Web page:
6. ^ (Polish) various authors (1976). Halina Czarnocka, ed. Armia Krajowa w Dokumentach. London: Studium Polski Podziemnej. p. 473. ISBN 0-9501348-2-1. Retrieved 2008-03-15. 
  7. ^ (Polish) Stanisław Ciesielski; Włodzimierz Borodziej (1999). Przesiedlenie ludności polskiej z kresów wschodnich do Polski, 1944-1947. Warsaw: Instytut Historii PAN. pp. 129, 130. ISBN 83-86842-56-3. 
  8. ^ (Polish) Piotr Łossowski (1991). Polska - Litwa: ostanie sto lat. Warsaw: Oskar. p. 110. ISBN 83-85239-06-5. , also cited in: Dymitri. "Konflikty polsko-litewskie w latach 1918-45". Koło Naukowe Studentów Socjologii, Cardinal Stefan Wyszyński University in Warsaw. Retrieved 2008-03-15. 
  9. ^ (Polish) Komisja Historyczna b. Sztabu Głównego w Londynie (corporate author) (1900). Polskie Siły Zbrojne w drugiej wojnie światowej III. London: Adiutor, Instytut Historyczny im. gen. Sikorskiego. p. 602. ISBN 83-86100-33-8. 
  10. ^ (Polish) Jerzy Urbankiewicz (March 2004). "Kto kogo rozgromi?..". Dziennik łódzki (2004–03–07). 
  11. ^ (Polish) Krzysztof Buchowski (2006). Litwomani i polonizatorzy: mity, wzajemne postrzeganie i stereotypy w stosunkach polsko-litewskich w pierwszej połowie XX wieku (PDF). Białystok: University of Białystok Press. p. 348. ISBN 978-83-7431-075-8. Retrieved 2008-03-18. , see also review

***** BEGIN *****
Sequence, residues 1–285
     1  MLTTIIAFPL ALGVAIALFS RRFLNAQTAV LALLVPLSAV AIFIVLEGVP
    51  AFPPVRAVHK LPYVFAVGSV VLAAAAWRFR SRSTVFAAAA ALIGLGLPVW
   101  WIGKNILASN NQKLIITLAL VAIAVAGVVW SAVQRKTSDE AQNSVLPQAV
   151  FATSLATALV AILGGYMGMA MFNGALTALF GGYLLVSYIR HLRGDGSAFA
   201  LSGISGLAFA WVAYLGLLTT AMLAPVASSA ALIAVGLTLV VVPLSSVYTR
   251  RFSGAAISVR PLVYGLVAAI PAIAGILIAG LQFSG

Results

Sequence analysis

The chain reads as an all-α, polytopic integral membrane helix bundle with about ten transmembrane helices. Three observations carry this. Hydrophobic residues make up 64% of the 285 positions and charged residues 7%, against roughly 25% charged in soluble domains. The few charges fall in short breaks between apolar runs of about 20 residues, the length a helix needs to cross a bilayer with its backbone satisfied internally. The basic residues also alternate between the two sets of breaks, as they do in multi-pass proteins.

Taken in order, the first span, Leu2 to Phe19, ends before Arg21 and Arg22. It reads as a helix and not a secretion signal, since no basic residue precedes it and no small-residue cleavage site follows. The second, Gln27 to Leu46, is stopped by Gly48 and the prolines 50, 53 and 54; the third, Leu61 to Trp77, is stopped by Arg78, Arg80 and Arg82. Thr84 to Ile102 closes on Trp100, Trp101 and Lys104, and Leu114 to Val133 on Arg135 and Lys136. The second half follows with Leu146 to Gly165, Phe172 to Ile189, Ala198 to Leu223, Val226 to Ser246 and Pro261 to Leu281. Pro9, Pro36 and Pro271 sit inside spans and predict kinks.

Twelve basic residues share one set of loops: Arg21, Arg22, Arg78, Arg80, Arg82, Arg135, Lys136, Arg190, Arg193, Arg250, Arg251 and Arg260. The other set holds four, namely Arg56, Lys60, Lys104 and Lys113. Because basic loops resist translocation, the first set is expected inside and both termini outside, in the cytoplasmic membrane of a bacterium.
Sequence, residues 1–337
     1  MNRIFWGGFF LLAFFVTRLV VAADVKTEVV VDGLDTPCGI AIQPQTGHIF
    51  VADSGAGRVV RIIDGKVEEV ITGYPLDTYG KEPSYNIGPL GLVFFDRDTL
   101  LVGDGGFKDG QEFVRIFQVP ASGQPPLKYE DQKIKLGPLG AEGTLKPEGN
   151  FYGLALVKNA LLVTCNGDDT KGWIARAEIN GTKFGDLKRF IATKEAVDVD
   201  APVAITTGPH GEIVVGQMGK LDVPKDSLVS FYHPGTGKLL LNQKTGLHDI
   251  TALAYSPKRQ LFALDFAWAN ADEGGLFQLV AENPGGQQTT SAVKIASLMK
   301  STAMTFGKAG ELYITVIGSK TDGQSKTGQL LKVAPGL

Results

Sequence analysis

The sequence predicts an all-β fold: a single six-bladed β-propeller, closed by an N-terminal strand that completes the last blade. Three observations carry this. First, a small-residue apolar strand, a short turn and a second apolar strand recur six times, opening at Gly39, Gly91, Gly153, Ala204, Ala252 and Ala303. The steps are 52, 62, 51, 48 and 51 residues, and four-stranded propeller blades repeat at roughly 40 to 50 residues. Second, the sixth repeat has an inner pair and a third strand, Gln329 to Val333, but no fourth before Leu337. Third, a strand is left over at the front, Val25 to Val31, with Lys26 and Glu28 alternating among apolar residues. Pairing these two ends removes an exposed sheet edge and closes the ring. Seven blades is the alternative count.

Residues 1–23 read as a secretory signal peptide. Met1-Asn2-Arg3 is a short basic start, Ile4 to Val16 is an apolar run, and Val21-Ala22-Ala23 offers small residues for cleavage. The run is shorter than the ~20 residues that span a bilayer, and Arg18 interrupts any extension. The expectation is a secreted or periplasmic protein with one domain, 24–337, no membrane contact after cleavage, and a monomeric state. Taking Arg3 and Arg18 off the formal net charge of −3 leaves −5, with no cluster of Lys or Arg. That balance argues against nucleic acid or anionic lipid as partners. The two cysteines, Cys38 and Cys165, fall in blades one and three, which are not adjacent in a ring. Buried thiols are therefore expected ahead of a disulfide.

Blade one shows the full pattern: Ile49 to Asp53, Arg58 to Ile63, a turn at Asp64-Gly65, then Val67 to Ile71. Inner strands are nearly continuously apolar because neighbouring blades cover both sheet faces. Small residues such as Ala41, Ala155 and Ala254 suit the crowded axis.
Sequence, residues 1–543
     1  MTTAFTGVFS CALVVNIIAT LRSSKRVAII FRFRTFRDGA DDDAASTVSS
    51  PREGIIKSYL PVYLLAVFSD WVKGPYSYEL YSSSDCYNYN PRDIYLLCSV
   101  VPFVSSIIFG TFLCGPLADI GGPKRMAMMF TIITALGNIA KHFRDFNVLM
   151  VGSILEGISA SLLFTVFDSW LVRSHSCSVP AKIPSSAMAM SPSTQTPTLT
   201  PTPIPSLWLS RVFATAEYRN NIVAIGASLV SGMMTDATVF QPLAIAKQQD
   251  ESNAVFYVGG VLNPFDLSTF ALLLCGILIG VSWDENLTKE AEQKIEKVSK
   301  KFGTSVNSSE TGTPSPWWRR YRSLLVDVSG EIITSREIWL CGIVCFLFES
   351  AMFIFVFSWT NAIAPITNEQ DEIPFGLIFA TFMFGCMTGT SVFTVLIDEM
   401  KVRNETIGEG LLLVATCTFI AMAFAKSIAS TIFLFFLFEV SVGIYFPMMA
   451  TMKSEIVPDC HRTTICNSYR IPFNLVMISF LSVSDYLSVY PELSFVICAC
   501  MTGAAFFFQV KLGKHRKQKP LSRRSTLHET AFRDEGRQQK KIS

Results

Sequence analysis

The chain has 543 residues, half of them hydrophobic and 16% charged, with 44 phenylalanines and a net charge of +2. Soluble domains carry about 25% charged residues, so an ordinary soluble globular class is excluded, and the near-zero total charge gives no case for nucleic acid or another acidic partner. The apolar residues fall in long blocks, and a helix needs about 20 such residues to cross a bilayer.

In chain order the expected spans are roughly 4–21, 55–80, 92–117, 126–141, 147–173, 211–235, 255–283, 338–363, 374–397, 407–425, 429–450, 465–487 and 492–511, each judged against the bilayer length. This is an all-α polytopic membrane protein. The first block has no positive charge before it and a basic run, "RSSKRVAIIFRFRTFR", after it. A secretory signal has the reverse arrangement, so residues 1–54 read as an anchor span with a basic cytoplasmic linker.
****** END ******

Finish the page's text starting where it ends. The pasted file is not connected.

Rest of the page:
12. ^ (Lithuanian) Rimantas Zizas (1995). Armijos Krajovos veikla Lietuvoje 1942-1944 metais. Vilnius – Kaunas. p. 32. , as cited in Buchowski, op.cit., p. 348
  13. ^ (Polish) Piskunowicz, Henryk (1996). "Armia Krajowa na Wileńszczyżnie". In Krzysztof Komorowski. Armia Krajowa: Rozwój organizacyjny. Wydawnictwo Bellona. pp. 213–214. ISBN 83-11-08544-7. 
  14. ^ (English) Włodzimierz Borodziej (2005). "The Dress Rehearsal". The Warsaw Uprising of 1944. Madison, Wisconsin: University of Wisconsin Press. p. 54. ISBN 0-299-20730-7. Retrieved 2008-03-18. "In several battles in April and May, the "Lithuanian special units" (Vietine Rikitne), just established by the Germans under General Povilas Plechavicius, were beaten and disarmed, which led to their rapid dissolution;" 
  15. ^ (German) Bernard Chiari; Jerzy Kochanowski (2003). Die polnische Heimatarmee: Geschichte und Mythos der Armia Krajowa seit dem Zweiten Weltkrieg. Munich: Militärgeschichtliches Forschungsamt; Oldenbourg Wissenschaftsverlag. pp. 630–631. ISBN 3-486-56715-2. Retrieved 2008-03-18.